PVS Officials

USA Swimming Officials Newsletter
July 2016

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History of Rules and Rule Changes in the Sport of Swimming

For FINA there is opportunity to change swimming rules every four years at a FINA Technical Congress. All member federations are invited to submit proposals that are reviewed by the Technical Swimming Committee. The Committee then recommends action to the Bureau. All proposals come to the Congress with a Bureau recommendation. The Congress then votes on the proposals as recommended by the Bureau.

The next Congress is in the summer of 2017 in Budapest.

Carol Zaleski
FINA, Technical Swimming Chairman


There was a time when three starts could occur before a disqualification. If there was movement, two such starts could be called back and charged on the field but no false start disqualification charged to an individual until the third start.
This was changed in about 1990 to allow two starts. The first false start was charged on the field with an individual disqualification called on the second start.

This was the rule until 1998 when it became optional whether to use a one start rule or a two start rule. If one, the individual disqualification would come at the end of the race. If two, the first start would be recalled, charged to the field and the individual disqualification would be made at the completion of the race after the second start.

The starting rule has now been the same since 2001. Any swimmer starting before the signal shall be disqualified. If the starting signal has been given before the disqualification is declared, the race shall continue with the disqualification at the completion of the race. It is important to note that false start disqualifications must be observed and confirmed by both the Starter and the Referee.

As you might imagine each change was controversial. The convincing point for me was a statement from an Olympic athlete who said: “Many guys play games at the start. They try to distract you or draw you off the blocks. Your first start is the best one. If I could concentrate on my own start and not worry what the guys next to me were doing, that would be great.”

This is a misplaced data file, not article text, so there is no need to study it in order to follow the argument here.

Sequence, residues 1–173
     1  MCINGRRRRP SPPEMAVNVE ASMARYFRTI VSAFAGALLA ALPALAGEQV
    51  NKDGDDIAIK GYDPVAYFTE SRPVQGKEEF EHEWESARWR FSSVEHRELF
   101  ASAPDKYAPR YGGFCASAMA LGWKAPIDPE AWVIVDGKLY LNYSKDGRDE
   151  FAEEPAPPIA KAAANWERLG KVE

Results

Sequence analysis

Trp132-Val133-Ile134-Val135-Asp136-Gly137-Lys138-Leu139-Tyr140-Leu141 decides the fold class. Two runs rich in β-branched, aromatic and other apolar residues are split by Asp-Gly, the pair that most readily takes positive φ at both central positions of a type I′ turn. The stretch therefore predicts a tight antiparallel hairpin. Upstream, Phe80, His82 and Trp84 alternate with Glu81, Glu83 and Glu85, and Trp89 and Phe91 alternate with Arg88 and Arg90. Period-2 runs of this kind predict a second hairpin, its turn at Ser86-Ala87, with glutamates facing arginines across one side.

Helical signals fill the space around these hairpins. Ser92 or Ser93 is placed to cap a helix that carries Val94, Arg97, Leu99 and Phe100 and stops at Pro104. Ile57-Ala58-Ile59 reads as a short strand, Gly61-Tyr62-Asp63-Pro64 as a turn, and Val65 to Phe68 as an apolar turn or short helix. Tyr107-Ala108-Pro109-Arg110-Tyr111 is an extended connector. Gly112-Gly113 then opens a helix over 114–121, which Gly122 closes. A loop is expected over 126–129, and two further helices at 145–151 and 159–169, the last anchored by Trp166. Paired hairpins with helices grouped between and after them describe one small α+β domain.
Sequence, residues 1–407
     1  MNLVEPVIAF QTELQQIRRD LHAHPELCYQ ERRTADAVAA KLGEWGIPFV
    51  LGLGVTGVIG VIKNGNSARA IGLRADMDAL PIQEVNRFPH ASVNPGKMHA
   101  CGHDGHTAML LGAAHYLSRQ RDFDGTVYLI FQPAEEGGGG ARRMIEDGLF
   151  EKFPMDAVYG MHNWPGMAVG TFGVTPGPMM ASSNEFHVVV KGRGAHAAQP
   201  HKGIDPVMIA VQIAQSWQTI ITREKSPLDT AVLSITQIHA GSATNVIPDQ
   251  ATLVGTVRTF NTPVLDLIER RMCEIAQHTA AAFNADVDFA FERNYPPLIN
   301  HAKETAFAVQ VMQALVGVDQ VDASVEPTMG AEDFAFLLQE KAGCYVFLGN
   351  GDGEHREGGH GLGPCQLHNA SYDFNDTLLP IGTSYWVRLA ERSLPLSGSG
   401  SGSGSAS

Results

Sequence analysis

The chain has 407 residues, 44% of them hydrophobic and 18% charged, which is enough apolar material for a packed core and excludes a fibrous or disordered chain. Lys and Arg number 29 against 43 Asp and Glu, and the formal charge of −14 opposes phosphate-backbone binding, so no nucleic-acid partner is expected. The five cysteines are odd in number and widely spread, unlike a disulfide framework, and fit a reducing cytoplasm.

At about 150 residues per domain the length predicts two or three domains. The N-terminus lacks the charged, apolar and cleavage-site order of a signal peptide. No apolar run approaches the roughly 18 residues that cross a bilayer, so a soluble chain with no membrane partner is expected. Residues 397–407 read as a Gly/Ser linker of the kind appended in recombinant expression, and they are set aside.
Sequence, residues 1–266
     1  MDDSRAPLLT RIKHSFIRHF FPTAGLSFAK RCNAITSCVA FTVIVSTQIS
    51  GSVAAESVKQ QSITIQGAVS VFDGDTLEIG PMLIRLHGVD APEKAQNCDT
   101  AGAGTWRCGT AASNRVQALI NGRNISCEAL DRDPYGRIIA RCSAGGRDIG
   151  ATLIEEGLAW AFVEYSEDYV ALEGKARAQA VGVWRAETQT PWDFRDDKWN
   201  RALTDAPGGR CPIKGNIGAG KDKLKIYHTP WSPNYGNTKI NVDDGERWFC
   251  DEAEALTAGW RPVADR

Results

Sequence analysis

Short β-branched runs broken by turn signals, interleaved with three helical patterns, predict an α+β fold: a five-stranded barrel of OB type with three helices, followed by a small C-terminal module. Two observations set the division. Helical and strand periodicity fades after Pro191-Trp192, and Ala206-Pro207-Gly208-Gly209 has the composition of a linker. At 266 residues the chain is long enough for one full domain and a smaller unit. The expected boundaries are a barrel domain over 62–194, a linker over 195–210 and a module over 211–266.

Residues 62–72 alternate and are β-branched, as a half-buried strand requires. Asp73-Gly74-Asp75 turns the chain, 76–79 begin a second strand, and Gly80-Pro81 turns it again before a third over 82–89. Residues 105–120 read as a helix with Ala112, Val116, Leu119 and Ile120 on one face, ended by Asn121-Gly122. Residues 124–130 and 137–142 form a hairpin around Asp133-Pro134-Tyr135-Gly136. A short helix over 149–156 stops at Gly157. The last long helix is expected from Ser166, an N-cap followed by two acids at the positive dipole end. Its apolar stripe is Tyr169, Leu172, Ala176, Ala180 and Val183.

There was a long period of time when a breaststroke swimmer was required to have the head above the “calm surface” of the water throughout the race. As coaches and athletes tried new ways to swim breaststroke, the rule was changed in 1996 to allow some part of the head to break the surface during each cycle of one arm stroke and one leg kick.

The other big breaststroke change came in the kick. In about 1990, we began to see some Breaststroke swimmers use a butterfly kick on the starts, turns and sometimes throughout the race. Television showed this very clearly but it was difficult for the officials to see from the deck level. As a result, rule proposals were submitted to allow butterfly kicking in the breaststroke. All of the proposals failed when they were first submitted to the Congress. Four years later for the 2005 edition of the rules a single butterfly kick was allowed at the start. There have been several changes since that time to clarify the timing of the kick, etc. to the present version allowing a single butterfly kick during the first arm stroke at the start and each turn.


There was a time when there was no restriction on how far an athlete could be underwater. The 15-meter surface requirement came into the rule book for the 1991/1992 rules after some elite athletes were swimming the whole distance underwater. There were several factors in the decision. The audience could not really see the athletes, therefore, it was not very entertaining for the audience or for television viewers. Another reason was the potential danger for young swimmers who held their breath trying to emulate this style.